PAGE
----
what-you-need-to-know-about-intestacy-rules

You know that having a will is important, but understanding the implications of not having a valid will in place before you die may put some urgency behind establishing your will as soon as possible. More than half of adult Canadians do not have a valid will to protect their assets upon their death leaving their estate unprotected and their wishes unfulfilled.[1]

Dying Intestate

When you die intestate you forfeit the right to the following:

Control over who your executor is. Anyone who wishes to have the job must apply through the courts, causing delays and additional unnecessary costs.

Control over where your assets go. The Intestacy Rules will be the guide for how your estate is to be distributed and your wishes do not factor into the distribution of your estate.

Control over your own burial process. If you have specific requests for your burial, such as cremation, you will not get to have your say after the fact due to there being no will to guide the process.

The Succession Law Reform Act

Possibly the most important point from above is control over where your assets go. The Succession Law Reform Act (the “Act”) takes over in order to establish lawful distribution of your estate, regardless of what your intentions may have been. The rules are quite extensive and account for many possible situations, but here is how a basic distribution will look and some problems to be faced under the Act if the deceased has a spouse and two children:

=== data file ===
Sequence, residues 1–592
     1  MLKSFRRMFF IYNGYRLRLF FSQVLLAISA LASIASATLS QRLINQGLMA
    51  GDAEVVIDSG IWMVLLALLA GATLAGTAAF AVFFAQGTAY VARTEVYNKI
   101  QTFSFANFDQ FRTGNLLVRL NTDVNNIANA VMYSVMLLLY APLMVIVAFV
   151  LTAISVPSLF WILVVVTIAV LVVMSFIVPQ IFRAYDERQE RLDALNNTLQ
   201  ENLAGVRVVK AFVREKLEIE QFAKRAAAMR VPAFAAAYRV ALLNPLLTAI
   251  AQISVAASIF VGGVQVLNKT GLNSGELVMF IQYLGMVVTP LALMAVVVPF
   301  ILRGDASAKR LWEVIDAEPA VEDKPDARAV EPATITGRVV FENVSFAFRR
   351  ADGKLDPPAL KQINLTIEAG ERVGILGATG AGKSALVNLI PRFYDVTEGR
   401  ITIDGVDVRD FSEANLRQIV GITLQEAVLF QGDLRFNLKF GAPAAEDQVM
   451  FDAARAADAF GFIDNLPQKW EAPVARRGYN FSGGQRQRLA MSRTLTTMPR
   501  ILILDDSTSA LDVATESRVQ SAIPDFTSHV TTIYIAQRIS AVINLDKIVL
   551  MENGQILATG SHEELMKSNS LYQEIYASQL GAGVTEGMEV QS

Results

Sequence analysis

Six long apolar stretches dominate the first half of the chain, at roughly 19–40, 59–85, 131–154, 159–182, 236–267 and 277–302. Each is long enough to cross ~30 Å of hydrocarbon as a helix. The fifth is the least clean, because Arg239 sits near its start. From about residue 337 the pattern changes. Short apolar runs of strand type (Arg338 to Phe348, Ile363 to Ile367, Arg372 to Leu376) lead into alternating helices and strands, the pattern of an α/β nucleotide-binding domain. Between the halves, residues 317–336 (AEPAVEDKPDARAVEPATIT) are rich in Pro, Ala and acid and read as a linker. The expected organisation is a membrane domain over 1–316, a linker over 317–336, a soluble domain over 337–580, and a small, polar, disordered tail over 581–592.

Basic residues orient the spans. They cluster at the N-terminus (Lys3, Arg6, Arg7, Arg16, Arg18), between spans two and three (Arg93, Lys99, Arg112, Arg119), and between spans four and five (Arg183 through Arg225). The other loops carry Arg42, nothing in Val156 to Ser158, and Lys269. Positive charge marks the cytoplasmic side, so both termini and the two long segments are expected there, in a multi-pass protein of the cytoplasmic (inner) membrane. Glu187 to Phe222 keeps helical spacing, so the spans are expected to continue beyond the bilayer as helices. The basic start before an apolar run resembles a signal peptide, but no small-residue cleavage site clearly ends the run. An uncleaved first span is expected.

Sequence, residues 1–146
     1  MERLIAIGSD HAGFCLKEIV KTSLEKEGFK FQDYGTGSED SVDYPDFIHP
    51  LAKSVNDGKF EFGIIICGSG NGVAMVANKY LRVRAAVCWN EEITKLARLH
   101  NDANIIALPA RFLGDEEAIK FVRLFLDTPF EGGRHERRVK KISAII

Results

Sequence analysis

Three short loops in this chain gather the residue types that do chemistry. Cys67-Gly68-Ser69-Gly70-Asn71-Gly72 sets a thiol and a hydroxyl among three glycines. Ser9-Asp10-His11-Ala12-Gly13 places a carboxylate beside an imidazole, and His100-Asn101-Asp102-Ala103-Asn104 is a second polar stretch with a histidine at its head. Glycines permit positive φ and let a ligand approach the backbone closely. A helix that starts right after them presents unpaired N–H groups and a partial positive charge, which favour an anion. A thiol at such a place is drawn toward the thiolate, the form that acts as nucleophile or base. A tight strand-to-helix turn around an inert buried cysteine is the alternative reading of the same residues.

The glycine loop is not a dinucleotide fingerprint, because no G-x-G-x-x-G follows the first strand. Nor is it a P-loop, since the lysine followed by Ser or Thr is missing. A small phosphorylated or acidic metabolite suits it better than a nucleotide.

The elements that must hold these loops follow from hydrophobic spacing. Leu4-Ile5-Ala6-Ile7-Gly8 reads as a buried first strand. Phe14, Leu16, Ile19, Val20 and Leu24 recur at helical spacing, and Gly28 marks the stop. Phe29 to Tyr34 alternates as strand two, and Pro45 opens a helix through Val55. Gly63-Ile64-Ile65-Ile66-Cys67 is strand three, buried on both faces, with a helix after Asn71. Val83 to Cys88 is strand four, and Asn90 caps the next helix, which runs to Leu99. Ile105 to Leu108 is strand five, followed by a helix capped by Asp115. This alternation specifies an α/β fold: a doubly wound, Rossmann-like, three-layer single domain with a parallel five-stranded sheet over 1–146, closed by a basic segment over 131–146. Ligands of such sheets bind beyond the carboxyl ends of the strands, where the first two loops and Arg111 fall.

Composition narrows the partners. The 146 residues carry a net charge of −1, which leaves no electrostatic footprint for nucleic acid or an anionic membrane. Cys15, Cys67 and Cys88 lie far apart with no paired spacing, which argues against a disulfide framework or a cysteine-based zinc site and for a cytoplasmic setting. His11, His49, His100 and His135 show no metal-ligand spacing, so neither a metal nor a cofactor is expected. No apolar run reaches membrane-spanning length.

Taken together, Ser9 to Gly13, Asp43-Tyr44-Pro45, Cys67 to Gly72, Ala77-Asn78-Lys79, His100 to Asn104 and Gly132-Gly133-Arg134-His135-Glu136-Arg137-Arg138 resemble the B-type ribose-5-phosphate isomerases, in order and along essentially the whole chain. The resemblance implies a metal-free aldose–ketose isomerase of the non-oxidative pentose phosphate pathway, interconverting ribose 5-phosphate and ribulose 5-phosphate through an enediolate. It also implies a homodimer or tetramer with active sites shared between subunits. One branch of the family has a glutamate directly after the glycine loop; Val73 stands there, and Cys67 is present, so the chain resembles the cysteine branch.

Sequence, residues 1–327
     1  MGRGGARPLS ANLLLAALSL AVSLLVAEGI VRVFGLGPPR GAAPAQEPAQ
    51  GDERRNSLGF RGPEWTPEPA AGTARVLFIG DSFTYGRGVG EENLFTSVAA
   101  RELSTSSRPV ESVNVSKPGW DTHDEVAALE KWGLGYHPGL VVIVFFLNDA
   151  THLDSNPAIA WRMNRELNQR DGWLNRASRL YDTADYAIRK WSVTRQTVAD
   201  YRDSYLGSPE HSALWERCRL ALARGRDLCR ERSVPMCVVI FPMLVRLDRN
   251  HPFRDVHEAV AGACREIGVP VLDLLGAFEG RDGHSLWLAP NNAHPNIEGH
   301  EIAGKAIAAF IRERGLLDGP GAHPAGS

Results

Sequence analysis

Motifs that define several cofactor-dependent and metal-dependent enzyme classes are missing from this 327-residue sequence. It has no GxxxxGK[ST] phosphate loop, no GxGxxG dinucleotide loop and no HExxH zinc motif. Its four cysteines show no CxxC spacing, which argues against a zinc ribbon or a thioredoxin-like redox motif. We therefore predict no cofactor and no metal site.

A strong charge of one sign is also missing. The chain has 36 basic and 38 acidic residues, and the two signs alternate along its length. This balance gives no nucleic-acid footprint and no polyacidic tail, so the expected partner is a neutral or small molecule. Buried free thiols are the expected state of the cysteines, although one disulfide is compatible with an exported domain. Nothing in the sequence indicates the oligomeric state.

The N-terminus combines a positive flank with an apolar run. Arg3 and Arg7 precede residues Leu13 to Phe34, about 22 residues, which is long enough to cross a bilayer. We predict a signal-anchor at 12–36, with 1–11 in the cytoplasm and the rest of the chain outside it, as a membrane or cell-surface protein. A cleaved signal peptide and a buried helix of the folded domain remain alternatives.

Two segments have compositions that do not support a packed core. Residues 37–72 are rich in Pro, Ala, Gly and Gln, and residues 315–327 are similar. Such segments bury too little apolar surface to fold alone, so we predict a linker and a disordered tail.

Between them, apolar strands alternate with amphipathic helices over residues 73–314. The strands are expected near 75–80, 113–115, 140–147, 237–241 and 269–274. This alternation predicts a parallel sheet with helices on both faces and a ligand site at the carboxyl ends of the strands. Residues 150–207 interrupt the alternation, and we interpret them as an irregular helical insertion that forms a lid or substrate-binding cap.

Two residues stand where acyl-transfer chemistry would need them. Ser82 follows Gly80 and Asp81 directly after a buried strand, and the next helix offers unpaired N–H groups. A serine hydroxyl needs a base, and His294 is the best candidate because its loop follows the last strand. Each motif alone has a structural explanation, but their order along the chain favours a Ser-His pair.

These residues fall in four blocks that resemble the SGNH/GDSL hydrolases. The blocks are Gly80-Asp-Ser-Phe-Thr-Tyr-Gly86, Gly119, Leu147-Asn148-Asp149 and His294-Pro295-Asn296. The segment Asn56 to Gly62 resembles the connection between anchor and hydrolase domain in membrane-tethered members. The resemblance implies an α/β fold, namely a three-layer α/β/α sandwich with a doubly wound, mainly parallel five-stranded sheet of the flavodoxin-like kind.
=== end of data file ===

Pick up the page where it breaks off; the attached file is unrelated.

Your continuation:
The first $200,000.00 of the estate (also known as the preferential share) goes automatically to the surviving spouse while remaining residue is divided into three equal shares; the spouse receives one share while the children each receive an equal share. The residue is divided equally into shares for each additional child should there be any while still providing one share to the surviving spouse.

Some problems with this formula arise when the deceased has a large estate and has left the family with an expensive lifestyle to carry on. The surviving spouse may not have enough money to continue the lifestyle if a large percentage of the estate is held in trust for children under 18 years of age or distributed to children over 18 years of age. Lawfully each child must receive their share of the residue as per the Act, regardless of the needs of the household.

Another problem arises if the deceased and their spouse were separated but not legally divorced and perhaps the deceased has a new common-law spouse of many years but is still legally married to their former spouse. Suddenly a good portion of the deceased’s estate is being distributed to someone they hadn’t intended while their current partner is left out with no legal ground to stand on.

It’s best to protect your family and your assets by having a legal will in place prior to your death to ensure your estate is divided as per your own wishes. For a more in-depth look into intestacy rules and how they can affect you, please contact your financial advisor specializing in estate planning.


[1] LawPRO survey, 2012.